- Justice Breyer, reading from the bench, June 28, 2007

We lawyers need to get some beer and find some common ground because we're really far apart on this.
10.25.2008 1:34am
Obvious (mail):
Cornellian: "I prefer to think of it as more like a Constitution on vacation."

No one gets that much vacation. Better to think of it as the Constitution unemployed.
10.25.2008 1:58am
Asher (mail):
They are not sufficiently well-organized or like-minded to be called a movement, and there are serious disagreements within the small subset of constitutional theory about, a whole variety of matters, e.g., whether the Lochner line of cases was great, evil, or somewhere in between. A thoughtful article discussing all this would be welcome, rather than a tendentious piece warning that the mythical Constitution in Exile movement is poised to take control of the Supreme Court if McCain wins (Rosen's piece).

Maybe you could write one. I'd read it.
10.25.2008 3:57am
Stuart Buck (mail):
Another troublesome bit from the Rosen article:

Continuing the pattern established in the Exxon Valdez decision last year, a property-rights-minded McCain court might also take it on itself to impose, by judicial fiat, a laissez-faire agenda that has no national constituency--including measures such as tort reform or limitations on punitive damages.

Rosen is smart enough to know that 1) the Court already has limited punitive damages in several cases, and more importantly, 2) it has done so with the support of Breyer and Stevens (who wrote BMW v. Gore) and over the dissents of Scalia and Thomas.
10.25.2008 10:44am
Cornellian (mail):
They are not sufficiently well-organized or like-minded to be called a movement

Alas, the perennial Achilles heel of libertarians everywhere.
10.25.2008 12:25pm
Observer:
To say that Justices like Bork, Scalia and Thomas (yes I said Justice Bork) are "activist" because of their desire to enforce the Constitution (as opposed to enforcing their own policy preferences) is the kind of talk that would make Orwell proud. This is just as good as calling welfare payments a "tax cut." And you thought 1984 was 24 years ago.
10.25.2008 3:08pm
David Warner:
"Some men are more beholden to their bitterest enemies than to friends who appear to be sweetness itself. The former frequently tell the truth, but the latter never."

- Cato

Instead of quibbling over whether "in exile" = "lost", perhaps we should take the hint that looking backward is not the most appealing stance for any philosophy that hopes to make new converts going forward.

Might it not be better to identify what exactly it is about that lost constitution that appeals to us, then to seek allies who might be receptive to that appeal?
10.25.2008 3:27pm
Mike G in Corvallis (mail):
"... activist conservatives ... yearn for the resurrection of what they call the Constitution in Exile ..."

And the people who do this call themselves mensheviki, don't they?
10.25.2008 5:18pm
Mike G in Corvallis (mail):
So, if Jeff and others want to accuse "activist conservatives" of wishing to revive what they (that is, liberal critics) think of as the "Constitution in Exile," they should feel free. But to claim that "activist conservatives" go around talking and writing about it is just plain false.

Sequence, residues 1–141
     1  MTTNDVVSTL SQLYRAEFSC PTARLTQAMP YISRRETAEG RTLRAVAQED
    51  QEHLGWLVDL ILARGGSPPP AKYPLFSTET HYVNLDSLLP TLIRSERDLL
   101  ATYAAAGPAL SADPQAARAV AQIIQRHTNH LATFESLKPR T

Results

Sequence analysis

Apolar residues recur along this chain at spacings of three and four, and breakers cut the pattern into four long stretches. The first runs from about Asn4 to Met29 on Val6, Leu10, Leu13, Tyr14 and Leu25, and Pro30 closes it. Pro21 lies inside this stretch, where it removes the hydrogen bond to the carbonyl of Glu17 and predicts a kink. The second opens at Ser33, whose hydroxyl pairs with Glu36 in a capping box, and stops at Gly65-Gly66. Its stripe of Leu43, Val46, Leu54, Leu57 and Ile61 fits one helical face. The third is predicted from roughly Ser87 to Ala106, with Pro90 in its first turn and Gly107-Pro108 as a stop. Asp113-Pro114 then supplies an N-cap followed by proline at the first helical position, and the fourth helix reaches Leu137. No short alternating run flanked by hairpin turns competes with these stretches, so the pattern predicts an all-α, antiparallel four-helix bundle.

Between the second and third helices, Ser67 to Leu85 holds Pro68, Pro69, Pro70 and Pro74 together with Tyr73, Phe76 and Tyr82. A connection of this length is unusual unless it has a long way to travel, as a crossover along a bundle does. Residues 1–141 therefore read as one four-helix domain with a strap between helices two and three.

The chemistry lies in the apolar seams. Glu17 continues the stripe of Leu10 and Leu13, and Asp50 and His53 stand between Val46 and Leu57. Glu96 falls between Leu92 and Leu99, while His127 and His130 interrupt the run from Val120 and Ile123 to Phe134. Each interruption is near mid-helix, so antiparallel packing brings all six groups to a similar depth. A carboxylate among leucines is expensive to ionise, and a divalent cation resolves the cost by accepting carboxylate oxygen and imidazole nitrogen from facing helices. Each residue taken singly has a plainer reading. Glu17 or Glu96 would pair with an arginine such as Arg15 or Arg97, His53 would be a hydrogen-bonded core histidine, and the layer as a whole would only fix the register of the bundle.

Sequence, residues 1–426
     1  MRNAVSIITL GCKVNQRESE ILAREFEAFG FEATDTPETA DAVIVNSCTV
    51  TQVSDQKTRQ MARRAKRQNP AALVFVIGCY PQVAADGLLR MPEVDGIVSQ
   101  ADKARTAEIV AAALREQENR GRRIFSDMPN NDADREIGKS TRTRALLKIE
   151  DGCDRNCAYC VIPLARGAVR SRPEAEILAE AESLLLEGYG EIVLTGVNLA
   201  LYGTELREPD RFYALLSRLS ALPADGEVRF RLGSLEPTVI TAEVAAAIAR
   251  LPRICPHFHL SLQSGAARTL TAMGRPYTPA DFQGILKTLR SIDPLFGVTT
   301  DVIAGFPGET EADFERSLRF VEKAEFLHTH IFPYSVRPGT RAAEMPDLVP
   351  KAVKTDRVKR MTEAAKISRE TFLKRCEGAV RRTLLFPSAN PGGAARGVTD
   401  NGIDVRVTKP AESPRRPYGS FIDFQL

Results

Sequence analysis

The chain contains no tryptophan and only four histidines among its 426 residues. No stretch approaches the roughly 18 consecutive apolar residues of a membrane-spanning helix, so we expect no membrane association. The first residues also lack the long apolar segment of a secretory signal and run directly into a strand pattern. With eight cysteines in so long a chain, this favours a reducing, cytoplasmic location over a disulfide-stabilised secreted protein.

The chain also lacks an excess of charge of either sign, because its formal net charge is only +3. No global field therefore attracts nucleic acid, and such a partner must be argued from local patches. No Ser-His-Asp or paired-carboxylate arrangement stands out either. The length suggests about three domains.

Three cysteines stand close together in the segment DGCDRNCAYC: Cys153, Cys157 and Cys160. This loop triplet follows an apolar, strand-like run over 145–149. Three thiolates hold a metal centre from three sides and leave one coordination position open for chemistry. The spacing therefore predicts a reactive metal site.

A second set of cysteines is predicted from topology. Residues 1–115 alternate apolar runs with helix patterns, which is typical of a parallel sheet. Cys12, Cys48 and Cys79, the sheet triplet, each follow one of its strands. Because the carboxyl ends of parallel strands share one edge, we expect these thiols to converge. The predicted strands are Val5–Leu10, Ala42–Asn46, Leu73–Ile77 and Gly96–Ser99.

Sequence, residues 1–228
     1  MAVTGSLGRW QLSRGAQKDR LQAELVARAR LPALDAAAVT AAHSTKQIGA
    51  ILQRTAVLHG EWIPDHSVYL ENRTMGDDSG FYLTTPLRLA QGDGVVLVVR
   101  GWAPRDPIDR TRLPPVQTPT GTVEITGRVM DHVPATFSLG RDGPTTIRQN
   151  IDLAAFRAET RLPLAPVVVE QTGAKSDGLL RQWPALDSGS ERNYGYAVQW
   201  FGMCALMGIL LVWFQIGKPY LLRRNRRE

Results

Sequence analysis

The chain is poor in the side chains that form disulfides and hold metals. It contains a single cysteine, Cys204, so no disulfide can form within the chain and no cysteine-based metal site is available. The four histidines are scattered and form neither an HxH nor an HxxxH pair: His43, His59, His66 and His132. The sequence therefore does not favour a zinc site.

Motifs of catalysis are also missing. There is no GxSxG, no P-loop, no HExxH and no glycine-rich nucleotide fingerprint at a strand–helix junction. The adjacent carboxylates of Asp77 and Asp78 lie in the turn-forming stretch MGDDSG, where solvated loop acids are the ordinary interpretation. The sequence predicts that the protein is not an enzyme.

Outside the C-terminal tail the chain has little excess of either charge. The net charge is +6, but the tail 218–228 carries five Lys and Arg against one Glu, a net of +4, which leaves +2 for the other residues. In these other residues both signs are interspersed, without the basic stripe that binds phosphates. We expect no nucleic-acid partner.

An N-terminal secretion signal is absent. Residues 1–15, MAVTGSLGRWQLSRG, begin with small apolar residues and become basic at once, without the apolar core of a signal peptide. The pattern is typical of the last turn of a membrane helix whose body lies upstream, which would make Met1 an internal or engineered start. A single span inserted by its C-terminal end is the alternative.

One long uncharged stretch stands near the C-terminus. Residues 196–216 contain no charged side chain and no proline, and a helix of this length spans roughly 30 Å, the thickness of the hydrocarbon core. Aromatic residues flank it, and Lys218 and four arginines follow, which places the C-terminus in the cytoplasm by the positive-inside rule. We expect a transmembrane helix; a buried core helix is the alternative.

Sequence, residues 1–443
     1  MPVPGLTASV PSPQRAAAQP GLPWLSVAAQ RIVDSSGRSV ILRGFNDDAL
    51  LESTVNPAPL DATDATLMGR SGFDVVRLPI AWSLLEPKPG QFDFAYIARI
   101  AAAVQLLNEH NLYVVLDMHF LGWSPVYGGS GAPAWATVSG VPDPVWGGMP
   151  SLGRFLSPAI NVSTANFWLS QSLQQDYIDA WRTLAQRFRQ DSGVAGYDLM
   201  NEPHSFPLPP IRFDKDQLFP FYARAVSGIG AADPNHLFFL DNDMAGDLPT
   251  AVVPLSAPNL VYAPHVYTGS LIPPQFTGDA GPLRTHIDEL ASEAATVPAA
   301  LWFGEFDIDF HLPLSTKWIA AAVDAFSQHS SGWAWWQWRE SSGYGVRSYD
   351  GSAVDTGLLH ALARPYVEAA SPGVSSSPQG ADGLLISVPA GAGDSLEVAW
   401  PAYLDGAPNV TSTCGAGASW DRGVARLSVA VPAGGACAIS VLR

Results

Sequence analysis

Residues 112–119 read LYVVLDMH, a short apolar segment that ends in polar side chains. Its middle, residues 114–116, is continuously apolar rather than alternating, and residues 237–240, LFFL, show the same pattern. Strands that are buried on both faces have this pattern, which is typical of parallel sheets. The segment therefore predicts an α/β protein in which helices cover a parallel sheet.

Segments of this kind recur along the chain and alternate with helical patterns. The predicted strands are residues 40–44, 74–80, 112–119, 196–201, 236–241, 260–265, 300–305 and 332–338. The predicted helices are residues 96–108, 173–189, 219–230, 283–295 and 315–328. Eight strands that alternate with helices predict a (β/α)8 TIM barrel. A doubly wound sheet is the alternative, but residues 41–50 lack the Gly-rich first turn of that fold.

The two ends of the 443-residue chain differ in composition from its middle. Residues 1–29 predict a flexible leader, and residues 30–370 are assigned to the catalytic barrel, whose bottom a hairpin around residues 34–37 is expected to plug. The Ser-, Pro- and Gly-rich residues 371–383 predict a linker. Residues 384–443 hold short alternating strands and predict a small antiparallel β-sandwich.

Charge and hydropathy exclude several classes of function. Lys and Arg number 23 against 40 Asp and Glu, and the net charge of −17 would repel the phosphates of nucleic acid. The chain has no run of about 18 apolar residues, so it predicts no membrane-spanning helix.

On reconsideration, I think it would be fair to say that most of the people who use this phrase are members of the Democrat party.
10.25.2008 5:24pm
Jon Roland (mail) (www):
LM:

Jon Roland,
Describing one's own argument as convincing isn't.

It seemed convincing to Rosen, after which he reverted to the reliance interests defense. The point is that is the real basis for the opposition, not argument from principle.
10.25.2008 7:04pm
LM (mail):
Jon Roland,

It was advice, not commentary. But since it violates my own conviction that unsolicited advice is rarely welcome and virtually never taken, I'm in no position to defend it.

Ahh, position, smosition. The advice stands.
10.25.2008 9:22pm
David Warner:
LM,

Consider your advice solicited. At least from this corner.
10.25.2008 11:32pm
Jon Roland (mail) (www):
LM:

Jon Roland,
It was advice, not commentary. But since it violates my own conviction that unsolicited advice is rarely welcome and virtually never taken, I'm in no position to defend it.

I underestand, and accept it in that spirit. I should have said "apparently convincing to Rosen".

But my point is still being missed. The opposition to originalist constructions of the Constitution is now more and more often abandoning the pretense that they have a more logical or historical accurate construction, and more willing to acknowledge we are correct as a matter of logic and history. They now more often maintain that logic and history don't matter, that it is only about what judges and other officials can be expected to do, regardless of any connection to law, logic, or history. Legal realism has morphed into Orwellianism (not Orwell's position, but that of his character O'Brien in 1984).
10.26.2008 1:59am
LM (mail):
Jon Roland:

But my point is still being missed.

I agree that should be the point.
10.27.2008 12:17am
LM (mail):
DW,

Thanks and likewise.

It's primarily on the strength of your testimonials about what you perceive in Sarah Palin (qualities which thus far elude me), that I'm withholding judgment and hoping you're right.
10.27.2008 12:30am
David Warner:
LM,

Hope is underrated.
10.27.2008 3:08am